Given the variety of splice options available to fiber network planners today identifying the best connector for FTTH can be overwhelming. Consequently often not much thought is given to connector selection with choice driven by cost, availability or what’s been used before. However each connector has its own unique design and therefore, pros and cons. Over time or depending on project size this can have a dramatic impact on deployment speeds and costs.

So what are the differences and what do they mean to your implementation? This table of common connectors gives an overview of strengths and weaknesses, with more detail in the accompanying descriptions

1. SC Connector

The SC was developed by the laboratories at Nippon Telegraph and Telephone (NTT) in the mid-eighties, and was one of the first connectors to hit the market following the advent of ceramic ferrules. Sometimes referred to as the ‘square connector’ the SC has a push-pull coupling end face with a spring loaded ceramic ferrule. Initially intended for Gigabit Ethernet networking, it was standardized into the telecommunications specification TIA-568-A in 1991 and slowly grew in popularity as manufacturing costs came down. Due to its excellent performance it dominated fiber optics for over a decade with only the ST rivalling it. Thirty years on, it remains the second most common connector for polarization maintaining applications. The SC is ideally suited for datacoms and telecoms applications including point to point and passive optical networking.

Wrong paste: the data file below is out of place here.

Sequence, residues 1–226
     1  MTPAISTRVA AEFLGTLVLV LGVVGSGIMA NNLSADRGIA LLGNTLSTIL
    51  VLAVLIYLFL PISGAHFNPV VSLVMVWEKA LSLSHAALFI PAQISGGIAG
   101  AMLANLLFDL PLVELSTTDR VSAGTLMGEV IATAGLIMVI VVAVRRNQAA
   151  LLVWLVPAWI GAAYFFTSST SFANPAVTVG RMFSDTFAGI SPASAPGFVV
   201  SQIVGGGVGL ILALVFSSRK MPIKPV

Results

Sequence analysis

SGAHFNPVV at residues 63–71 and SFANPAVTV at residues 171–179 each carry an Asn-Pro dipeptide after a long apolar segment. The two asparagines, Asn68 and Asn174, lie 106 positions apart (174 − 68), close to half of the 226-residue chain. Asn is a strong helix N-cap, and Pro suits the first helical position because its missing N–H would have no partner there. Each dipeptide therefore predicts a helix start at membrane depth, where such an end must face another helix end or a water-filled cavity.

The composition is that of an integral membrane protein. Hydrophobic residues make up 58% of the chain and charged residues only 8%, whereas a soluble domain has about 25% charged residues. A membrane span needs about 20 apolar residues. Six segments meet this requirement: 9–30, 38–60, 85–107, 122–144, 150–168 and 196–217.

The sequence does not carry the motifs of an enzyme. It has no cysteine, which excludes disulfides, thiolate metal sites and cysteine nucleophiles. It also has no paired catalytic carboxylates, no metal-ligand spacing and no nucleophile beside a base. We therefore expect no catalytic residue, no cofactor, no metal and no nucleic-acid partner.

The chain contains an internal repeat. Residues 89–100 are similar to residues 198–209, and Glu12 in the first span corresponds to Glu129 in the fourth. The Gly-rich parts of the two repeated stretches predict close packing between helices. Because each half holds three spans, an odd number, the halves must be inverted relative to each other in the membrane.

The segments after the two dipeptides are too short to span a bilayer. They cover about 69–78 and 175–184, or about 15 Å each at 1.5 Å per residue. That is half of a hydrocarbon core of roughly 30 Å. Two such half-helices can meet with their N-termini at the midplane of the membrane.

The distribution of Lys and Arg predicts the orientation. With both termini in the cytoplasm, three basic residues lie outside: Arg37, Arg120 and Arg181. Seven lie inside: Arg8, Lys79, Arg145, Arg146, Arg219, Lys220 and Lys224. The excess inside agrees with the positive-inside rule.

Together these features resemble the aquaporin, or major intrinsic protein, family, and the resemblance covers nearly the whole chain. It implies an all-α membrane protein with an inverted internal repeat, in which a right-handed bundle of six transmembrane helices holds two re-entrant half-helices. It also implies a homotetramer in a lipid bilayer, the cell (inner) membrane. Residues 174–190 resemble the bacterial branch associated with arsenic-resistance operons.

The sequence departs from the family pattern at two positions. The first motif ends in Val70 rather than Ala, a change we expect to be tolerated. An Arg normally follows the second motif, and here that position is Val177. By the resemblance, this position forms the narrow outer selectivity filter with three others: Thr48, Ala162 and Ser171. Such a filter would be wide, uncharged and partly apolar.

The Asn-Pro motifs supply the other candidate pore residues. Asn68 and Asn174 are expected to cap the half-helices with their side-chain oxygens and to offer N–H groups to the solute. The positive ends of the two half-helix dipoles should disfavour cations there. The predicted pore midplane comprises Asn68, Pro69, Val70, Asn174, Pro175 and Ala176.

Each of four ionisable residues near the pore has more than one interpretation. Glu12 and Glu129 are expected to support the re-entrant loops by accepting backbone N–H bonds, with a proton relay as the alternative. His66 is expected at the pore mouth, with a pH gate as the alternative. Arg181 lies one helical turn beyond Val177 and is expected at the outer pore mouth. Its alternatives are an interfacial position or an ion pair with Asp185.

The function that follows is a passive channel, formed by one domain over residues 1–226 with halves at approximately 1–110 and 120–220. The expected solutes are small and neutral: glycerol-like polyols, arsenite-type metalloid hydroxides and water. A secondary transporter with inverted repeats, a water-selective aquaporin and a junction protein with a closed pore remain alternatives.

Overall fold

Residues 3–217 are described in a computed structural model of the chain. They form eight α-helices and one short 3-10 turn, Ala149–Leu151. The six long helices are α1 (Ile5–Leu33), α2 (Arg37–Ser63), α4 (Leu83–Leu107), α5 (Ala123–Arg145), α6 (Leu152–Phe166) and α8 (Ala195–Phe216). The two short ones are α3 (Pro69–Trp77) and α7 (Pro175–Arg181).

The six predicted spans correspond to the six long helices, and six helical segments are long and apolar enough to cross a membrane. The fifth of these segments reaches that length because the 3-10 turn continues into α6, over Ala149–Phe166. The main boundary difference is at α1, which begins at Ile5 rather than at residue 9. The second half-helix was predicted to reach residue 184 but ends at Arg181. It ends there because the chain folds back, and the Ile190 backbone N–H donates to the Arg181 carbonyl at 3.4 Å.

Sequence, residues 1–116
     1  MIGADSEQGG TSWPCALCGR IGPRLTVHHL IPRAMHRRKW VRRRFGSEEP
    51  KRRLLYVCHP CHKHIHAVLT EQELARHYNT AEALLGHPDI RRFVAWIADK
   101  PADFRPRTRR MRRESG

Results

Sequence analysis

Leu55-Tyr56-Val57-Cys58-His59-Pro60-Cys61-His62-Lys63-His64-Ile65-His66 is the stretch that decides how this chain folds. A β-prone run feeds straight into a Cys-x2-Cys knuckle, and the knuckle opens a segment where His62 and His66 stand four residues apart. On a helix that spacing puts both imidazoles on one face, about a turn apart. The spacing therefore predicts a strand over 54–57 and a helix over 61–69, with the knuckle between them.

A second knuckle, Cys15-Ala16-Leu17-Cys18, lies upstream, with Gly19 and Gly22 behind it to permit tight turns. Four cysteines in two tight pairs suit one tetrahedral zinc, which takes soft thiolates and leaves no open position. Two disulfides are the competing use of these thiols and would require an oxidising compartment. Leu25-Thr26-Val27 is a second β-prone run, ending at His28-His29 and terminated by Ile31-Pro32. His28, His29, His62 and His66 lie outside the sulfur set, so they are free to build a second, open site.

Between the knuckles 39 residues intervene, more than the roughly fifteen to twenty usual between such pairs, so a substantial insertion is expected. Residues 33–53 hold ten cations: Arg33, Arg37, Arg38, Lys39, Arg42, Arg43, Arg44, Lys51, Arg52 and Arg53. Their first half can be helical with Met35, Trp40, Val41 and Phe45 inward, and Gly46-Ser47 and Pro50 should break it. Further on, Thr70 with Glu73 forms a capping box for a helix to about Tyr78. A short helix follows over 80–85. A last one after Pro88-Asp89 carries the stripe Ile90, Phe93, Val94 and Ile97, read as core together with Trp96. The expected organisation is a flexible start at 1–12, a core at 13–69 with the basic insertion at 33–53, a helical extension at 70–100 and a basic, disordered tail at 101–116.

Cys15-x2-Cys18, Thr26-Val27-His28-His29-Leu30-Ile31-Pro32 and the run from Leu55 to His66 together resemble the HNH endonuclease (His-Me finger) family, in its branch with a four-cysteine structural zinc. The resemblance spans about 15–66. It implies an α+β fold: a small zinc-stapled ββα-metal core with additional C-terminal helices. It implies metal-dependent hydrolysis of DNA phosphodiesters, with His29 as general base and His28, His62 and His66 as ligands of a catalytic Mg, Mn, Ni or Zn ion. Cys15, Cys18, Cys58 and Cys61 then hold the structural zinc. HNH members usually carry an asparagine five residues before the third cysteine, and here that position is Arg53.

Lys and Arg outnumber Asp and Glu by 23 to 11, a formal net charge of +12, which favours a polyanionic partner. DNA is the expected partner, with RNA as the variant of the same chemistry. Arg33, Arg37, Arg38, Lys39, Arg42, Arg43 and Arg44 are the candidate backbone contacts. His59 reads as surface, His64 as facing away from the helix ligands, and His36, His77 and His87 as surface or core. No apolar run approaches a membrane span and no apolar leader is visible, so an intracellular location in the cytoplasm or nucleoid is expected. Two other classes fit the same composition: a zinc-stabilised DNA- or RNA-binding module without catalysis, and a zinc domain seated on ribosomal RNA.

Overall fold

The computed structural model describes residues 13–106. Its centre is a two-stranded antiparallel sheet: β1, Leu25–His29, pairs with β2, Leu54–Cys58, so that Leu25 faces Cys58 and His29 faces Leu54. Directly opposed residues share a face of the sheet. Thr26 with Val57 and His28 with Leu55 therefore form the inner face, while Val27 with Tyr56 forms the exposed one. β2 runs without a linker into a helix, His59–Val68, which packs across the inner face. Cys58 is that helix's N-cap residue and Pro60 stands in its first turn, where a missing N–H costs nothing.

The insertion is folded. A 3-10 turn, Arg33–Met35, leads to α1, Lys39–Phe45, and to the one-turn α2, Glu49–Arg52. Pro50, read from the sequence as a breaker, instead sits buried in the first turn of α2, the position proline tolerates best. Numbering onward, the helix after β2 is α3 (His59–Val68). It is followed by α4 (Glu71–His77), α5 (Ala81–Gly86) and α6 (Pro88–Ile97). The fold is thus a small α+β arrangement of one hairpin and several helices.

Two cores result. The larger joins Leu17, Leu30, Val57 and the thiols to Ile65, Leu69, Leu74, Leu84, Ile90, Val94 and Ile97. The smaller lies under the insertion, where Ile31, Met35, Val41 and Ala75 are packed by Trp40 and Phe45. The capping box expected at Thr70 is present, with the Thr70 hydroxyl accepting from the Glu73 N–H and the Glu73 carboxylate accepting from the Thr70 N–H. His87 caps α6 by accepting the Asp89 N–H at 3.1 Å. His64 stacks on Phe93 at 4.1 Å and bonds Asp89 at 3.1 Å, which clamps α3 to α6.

2. LC Connector

Considered by some to be the modern replacement of the SC connector; its introduction was less successful, in part due to initially high license fees from inventor Lucent Corporation. Also a push-pull connector, the LC utilizes a latch as opposed to the SC locking tab and with a smaller ferrule it is known as a small form factor connector. Having half the footprint of the SC connector gives it huge popularity in datacoms and other high-density patch applications, as its combination of small size and latch feature make it ideal for densely populated racks/panels. With the introduction of LC compatible transceivers and active networking components, its steady growth in the FTTH arena is likely to continue.


3. FC Connector


The FC was the first optical fiber connector to use a ceramic ferrule, but unlike the plastic bodied SC and LC, it utilizes a round screw-type fitment made from nickel-plated or stainless steel. The connector end face relies on an alignment key for correct insertion and is then tightened into the adaptor/jack using a threaded collet. Despite the additional complexity both in manufacturing and installation, it’s still the connector of choice for precise measuring equipment such as OTDRs.

Initially intended for datacoms and telecoms applications, its use has reduced since the introduction of the SC and LC. These deliver similar performance to the FC but both have less expensive components and are quicker to connect. However, the screw-on collet of the FC does make it particularly effective in high vibration environments, ensuring that the spring-loaded ferrule is firmly mated.